Why do we do it?
24 August 2015
In between locking, there is lots of time for reflection while viewing some of the most amazing, changeful scenery. So this blog session is a bit introspective.
Why are we doing this? We blithely say 'because we can' and that is true. But we know we only have so much time in which to do the things we dream about and just talking about it doesn't get it done. Lots of people can do this, but it takes determination, planning, the support and help of friends and family, and a bit of luck to pull it off. It takes the attitude that complacency is not an option, and that embracing challenge and change are the only way to live. We both agree there is nothing we would rather do than go exploring on a sailboat and neither of us could do it without the other.
So how did the girl from the east side of Cleveland, Ohio who never boated on Lake Erie let alone sail, meet up with the guy who grew up on the water in Bay View, Wisconsin? When I moved to Wisconsin I had only sailed a few times with my sister in Florida and on Lake Lanier in Georgia. I learned to sail (aka cruise) in a relationship that didn't last but I fell in love with the sport (and the North Channel) and didn't want to give that up. I took a 'how to crew' class at Milwaukee Yacht Club, got a ride on a raceboat, and got hooked on racing. The skipper of that first race was Larry Mueller, who is a best bud of Bill's. So occasionally the two of us raced together on Snakebite. We were racing buddies long before we connected romantically.
Bill has sailed all his life...he likes to say he was born in February and out on the water in June. His mother's side of the family has a deep history on Lake Michigan, including a great grandfather who was a schooner captain along with his wife, the cook. All of his family sailed, his mom, dad (who won the Queen's Cup that last time it went to St Joseph, Michigan), and four sisters. His dad was also a STAR sailor. Racing is in Bill's blood.... and he has plenty of trophies to prove it! BUT at one point five years ago as we sat in South Manitou harbor watching the sailboats pass through the Manitou Channel with the background of Sleeping Bear and Pyramid Point, he realized he had spent his entire sailing career concentrating on compass and sails, and never really 'saw' the remarkable scenery he was transiting. He decided to cross-over to the cruising life, slow down and experience that side of sailing. That first year of cruising we were on a borrowed Erickson 35, RUAH, from Rob and Mary Goodman. Bill had sold the first Whisper, the Olsen911SE, which was a racing machine, but would have made a great cruising boat!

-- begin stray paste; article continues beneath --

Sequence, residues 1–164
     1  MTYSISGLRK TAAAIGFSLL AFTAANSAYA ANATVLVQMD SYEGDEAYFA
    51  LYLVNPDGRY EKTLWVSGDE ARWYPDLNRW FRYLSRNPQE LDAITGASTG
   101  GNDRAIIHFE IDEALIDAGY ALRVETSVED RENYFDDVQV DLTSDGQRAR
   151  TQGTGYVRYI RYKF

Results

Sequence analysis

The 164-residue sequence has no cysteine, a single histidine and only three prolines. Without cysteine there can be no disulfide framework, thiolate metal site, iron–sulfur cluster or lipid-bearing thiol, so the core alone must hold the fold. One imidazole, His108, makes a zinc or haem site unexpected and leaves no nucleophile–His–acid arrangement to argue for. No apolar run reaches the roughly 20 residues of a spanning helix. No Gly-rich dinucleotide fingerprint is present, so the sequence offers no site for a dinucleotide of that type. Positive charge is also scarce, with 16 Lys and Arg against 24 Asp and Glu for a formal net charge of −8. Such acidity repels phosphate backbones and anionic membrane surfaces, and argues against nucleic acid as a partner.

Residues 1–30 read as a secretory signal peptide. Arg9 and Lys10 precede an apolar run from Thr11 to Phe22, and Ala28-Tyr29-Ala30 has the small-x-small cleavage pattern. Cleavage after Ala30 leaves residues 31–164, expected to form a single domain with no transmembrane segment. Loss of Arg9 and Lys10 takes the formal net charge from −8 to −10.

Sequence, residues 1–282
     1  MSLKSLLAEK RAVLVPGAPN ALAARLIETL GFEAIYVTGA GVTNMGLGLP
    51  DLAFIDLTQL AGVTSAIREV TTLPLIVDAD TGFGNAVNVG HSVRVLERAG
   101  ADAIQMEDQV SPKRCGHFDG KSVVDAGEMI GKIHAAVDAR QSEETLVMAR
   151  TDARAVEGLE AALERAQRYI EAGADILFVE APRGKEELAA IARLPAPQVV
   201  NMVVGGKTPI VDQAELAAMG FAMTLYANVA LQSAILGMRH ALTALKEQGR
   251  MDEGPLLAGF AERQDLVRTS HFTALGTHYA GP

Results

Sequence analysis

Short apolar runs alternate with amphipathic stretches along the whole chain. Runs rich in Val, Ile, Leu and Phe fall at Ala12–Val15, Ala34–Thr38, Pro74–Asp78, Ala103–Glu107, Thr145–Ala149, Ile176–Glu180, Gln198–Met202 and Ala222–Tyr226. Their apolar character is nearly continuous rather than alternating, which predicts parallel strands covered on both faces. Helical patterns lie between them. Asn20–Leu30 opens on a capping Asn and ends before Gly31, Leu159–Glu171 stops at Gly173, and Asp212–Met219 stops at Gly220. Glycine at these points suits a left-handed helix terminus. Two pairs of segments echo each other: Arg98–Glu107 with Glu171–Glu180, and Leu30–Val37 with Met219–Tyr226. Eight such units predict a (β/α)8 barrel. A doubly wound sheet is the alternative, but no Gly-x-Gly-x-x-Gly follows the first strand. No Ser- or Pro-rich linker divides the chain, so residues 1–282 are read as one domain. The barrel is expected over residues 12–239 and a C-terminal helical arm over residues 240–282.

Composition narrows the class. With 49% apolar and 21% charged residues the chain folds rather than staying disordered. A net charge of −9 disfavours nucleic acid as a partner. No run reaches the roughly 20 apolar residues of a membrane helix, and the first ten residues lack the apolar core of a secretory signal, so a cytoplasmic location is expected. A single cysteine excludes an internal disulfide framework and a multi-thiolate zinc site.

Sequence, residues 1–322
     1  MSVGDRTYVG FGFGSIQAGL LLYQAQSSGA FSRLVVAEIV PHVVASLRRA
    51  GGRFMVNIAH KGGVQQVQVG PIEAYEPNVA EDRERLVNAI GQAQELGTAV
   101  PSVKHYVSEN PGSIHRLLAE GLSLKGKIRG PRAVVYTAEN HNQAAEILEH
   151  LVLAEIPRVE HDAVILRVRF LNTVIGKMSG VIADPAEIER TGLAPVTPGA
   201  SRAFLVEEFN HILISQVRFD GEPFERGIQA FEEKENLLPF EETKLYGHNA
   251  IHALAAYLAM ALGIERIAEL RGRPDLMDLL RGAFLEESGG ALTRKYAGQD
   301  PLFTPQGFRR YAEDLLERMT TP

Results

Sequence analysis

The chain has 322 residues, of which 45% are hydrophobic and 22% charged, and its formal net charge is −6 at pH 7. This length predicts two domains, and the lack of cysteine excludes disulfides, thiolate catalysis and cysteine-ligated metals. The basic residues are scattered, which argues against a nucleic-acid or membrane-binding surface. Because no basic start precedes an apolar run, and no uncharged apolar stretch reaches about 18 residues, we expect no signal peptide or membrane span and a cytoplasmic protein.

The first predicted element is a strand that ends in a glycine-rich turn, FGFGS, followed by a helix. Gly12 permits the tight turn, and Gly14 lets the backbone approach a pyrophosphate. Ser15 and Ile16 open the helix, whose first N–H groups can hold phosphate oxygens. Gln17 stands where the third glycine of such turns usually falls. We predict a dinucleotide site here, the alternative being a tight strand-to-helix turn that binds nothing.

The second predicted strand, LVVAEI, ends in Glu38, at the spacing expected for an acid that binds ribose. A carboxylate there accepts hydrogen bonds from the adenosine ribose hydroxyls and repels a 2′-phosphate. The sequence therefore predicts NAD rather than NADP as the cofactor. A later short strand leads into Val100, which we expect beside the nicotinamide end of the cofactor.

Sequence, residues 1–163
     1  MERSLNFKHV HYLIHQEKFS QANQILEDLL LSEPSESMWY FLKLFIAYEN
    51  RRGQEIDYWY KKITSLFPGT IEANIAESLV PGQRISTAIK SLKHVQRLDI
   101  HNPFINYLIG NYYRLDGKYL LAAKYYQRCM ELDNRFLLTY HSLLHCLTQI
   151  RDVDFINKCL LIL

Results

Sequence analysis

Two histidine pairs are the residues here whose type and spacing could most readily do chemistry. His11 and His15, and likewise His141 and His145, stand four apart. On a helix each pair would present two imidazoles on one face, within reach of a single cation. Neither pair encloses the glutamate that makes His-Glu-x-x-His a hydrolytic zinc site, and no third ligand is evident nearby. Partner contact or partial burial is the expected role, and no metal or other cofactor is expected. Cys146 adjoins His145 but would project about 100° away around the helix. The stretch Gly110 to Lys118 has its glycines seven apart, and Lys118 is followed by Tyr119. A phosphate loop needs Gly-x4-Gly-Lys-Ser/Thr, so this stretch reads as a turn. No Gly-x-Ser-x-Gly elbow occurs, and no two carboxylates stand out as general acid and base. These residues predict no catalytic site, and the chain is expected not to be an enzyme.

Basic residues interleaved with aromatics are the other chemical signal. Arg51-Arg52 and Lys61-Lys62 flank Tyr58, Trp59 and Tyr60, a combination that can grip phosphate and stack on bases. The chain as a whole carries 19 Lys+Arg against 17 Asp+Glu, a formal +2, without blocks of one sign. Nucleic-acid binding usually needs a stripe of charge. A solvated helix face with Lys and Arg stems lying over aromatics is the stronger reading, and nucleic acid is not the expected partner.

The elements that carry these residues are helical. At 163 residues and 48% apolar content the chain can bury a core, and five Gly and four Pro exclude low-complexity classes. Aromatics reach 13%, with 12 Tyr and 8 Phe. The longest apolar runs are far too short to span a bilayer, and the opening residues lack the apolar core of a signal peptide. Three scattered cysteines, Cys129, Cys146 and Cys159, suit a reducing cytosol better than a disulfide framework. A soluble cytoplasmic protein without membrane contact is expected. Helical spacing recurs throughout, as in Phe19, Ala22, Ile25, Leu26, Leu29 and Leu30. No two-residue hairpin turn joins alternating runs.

The second Whisper was a Laser 28, still a raceboat, but with somewhat of an interior. We only raced her once. We camped our way up Lake Michigan and into the North Channel as far as Baie Finn, making wonderful friends along the way, which totally convinced us that cruising was the life-style for us. To make that happen, I had to retire and we had to find a proper cruising boat. In 2012 we did both.
The third Whisper is a Tartan 34-2 sloop, built in 1986 in Fairport, Ohio, hull #50. She has a Sheel keel which draws only 4-1/2 feet, which makes her a great cruising boat for Ontario and the Bahamas. She is powered by a Yanmar diesel engine, which we have depended upon greatly on this 245 mile trek in the Trent-Severn. Her interior is beautifully finished with lots of teak and comfortable cushions. We did some upgrades to her which I'll cover in another blog. How many does she sleep? Technically there are berths for 5-6 but we always say 'enough for two and Sue', to accommodate our good friend, Sue Beres, who has joined us for a portion of the trip the past three years.
So now we are nearly two months into this great adventure. We are still waking every morning looking forward to the day's adventures with a smile. Each bend in the river, each opening of the lock doors, gives us a new scene to investigate and remember. Each anchorage or harbor gives us new opportunities to make new friends or renew old acquaintance. We've managed to put lots of miles under Whisper's keel without mishap. If it had to end today, we wouldn't regret a moment, but hopefully, we'll get through those next 18 locks and on to the next leg our journey.